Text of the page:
Research has also revealed that malware exhibits peculiar behavior, including having the lyrics to the song “Who’s Ready for Tomorrow” embedded in the malware code. Compared to Mirai, NoaBot Botnet also uses a different credential dictionary for its SSH scanner and includes a lot of post-breach capabilities, such as installing a new SSH-authorized key as a backdoor to download and execute additional binaries or spread itself to new victims. The malware also comes statically compiled and stripped of any symbols. This, combined with the fact that the malware was compiled in a nonstandard manner, makes reverse engineering the malware extremely challenging and frustrating.

SafeBreach Coverage of NoaBot Cryptominer

The SafeBreach platform has been updated with the following attacks to ensure our customers can validate their security controls against the crypto miner:

  • #9460 – Write NoaBot (5dc866) miner to disk (HOST_LEVEL)
  • #9461 – Transfer of NoaBot (5dc866) miner over HTTP/S (LATERAL_MOVEMENT)
  • #9462 – Transfer of NoaBot (5dc866) miner over HTTP/S (INFILTRATION)
  • #9463 – Email NoaBot (5dc866) miner as a compressed attachment (LATERAL_MOVEMENT)
  • #9464 – Email NoaBot (5dc866) miner as a compressed attachment (INFILTRATION)

Ivanti Connect Secure Chained Vulnerabilities (CVE-2023-46805/ CVE-2024-21887)

In December 2023, a Chinese nation-state threat actor was observed actively exploiting two 0-day vulnerabilities in Ivanti Connect Secure (formerly known as Pulse Connect Secure) VPN appliances to steal configuration data, modify and download files, establish a reverse tunnel, and ultimately place web shells (GLASSTOKEN) on multiple internal and external-facing web servers. The threat actors chained these two vulnerabilities (CVE-2023-46805 and CVE-2024-21887) together to achieve unauthorized remote code execution (RCE) on the impacted devices and perform further malicious activities.

The CVE-2024-21887 (rated CVSS 9.1/ Critical) is a vulnerability in the web component that could allow an authenticated threat actor to send specially crafted requests and execute arbitrary commands on the vulnerable appliance. The CVE-2023-46805 (rated CVSS 8.2/ High) is a vulnerability in the web component that could allow a remote threat actor to access the vulnerable appliance by bypassing control checks.

When these two 0-day vulnerabilities were chained together, they enabled threat actors to run commands on the system and ultimately gain access to other systems on the affected network. We advise all SafeBreach customers to run the below-listed attack and use the Ivanti-recommended mitigations.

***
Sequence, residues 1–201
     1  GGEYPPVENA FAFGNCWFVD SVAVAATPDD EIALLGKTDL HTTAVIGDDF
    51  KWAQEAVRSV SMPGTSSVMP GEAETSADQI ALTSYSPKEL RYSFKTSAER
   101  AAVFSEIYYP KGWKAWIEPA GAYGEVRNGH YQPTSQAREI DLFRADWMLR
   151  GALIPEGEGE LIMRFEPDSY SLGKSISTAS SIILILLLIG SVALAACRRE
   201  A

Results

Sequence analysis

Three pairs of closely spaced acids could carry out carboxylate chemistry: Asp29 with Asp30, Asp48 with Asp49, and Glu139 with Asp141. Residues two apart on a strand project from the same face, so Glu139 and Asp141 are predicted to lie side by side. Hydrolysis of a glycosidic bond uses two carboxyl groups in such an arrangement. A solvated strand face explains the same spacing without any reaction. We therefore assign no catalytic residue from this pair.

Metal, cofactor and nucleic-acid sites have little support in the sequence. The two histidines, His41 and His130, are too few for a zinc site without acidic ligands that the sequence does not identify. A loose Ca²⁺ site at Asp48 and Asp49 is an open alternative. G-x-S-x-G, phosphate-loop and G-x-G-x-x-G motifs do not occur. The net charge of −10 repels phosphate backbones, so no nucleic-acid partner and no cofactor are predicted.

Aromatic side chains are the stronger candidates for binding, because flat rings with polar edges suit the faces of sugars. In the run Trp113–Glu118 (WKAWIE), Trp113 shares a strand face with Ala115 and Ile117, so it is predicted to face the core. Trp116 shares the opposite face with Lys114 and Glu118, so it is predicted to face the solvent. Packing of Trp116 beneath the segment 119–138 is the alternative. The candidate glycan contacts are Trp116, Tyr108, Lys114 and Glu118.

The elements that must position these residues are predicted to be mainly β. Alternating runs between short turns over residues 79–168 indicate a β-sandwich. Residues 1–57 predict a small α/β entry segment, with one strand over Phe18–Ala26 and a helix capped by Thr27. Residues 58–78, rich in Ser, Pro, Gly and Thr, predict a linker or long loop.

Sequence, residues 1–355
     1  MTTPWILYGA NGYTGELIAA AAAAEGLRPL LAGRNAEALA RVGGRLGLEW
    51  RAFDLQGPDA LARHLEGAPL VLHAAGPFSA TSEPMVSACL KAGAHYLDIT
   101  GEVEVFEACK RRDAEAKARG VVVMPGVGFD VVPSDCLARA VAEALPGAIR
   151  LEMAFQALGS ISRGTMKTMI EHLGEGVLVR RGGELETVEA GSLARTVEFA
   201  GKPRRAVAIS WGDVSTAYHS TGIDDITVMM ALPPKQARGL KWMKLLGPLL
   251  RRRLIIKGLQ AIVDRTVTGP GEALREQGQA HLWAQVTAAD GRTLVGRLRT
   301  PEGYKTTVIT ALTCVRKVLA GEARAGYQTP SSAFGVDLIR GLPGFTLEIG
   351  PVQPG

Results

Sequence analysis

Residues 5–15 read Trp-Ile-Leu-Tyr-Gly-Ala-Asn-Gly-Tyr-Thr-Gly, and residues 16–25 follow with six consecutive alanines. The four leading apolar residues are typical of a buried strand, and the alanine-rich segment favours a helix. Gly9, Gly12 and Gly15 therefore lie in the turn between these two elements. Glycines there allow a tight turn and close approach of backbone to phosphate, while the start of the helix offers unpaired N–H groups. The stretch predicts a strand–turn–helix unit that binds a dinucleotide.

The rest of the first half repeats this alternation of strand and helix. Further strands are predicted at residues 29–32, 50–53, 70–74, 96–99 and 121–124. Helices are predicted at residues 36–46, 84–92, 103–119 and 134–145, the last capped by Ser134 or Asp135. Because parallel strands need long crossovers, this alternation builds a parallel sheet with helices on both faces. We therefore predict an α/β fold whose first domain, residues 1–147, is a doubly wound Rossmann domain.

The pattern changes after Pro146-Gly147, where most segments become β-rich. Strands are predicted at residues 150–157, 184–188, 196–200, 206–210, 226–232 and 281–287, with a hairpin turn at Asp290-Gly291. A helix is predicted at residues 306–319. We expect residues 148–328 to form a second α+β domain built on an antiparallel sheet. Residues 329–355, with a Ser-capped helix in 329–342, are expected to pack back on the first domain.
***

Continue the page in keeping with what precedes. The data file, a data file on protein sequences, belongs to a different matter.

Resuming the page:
SafeBreach Coverage of Ivanti Connect Secure Chained Vulnerabilities

The SafeBreach platform has been updated with the following attack to ensure our customers can validate their security controls against these chained vulnerabilities:

  • #9482 – Remote exploitation of Ivanti Connect Secure vulnerability chain CVE-2023-46805 CVE-2024-21887 (WAF) (INFILTRATION)

NoJustice Wiper: What are they and what you need to know

According to the cybersecurity firm ClearSky, Albanian organizations were the victims of cyber-attacks by pro-Iranian threat actors – Homeland Justice. These threat actors leveraged a wiper called NoJustice, which is a Windows-based malware that crashes the OS such that it cannot be rebooted. Victims included ONE Albania (Telecom), Eagle Mobile Albania (Telecom), Air Albania (Airline), and the Albanian parliament (Government).

Homeland Justice primarily leveraged an executable wiper and a PowerShell script that was designed to propagate the wiper to other machines in the victim network after enabling Windows Remote Management (WinRM). The No-Justice wiper (NACL.exe) is a binary that requires administrator privileges to erase the data on the computer. This is accomplished by removing the boot signature from the Master Boot Record (MBR), which refers to the first sector of any hard disk that identifies where the operating system is located in the disk so that it can be loaded into a computer’s RAM. Threat actors also leveraged legitimate tools like Plink (aka PuTTY Link), RevSocks, and the Windows 2000 resource kit to facilitate reconnaissance, lateral movement, and persistent remote access.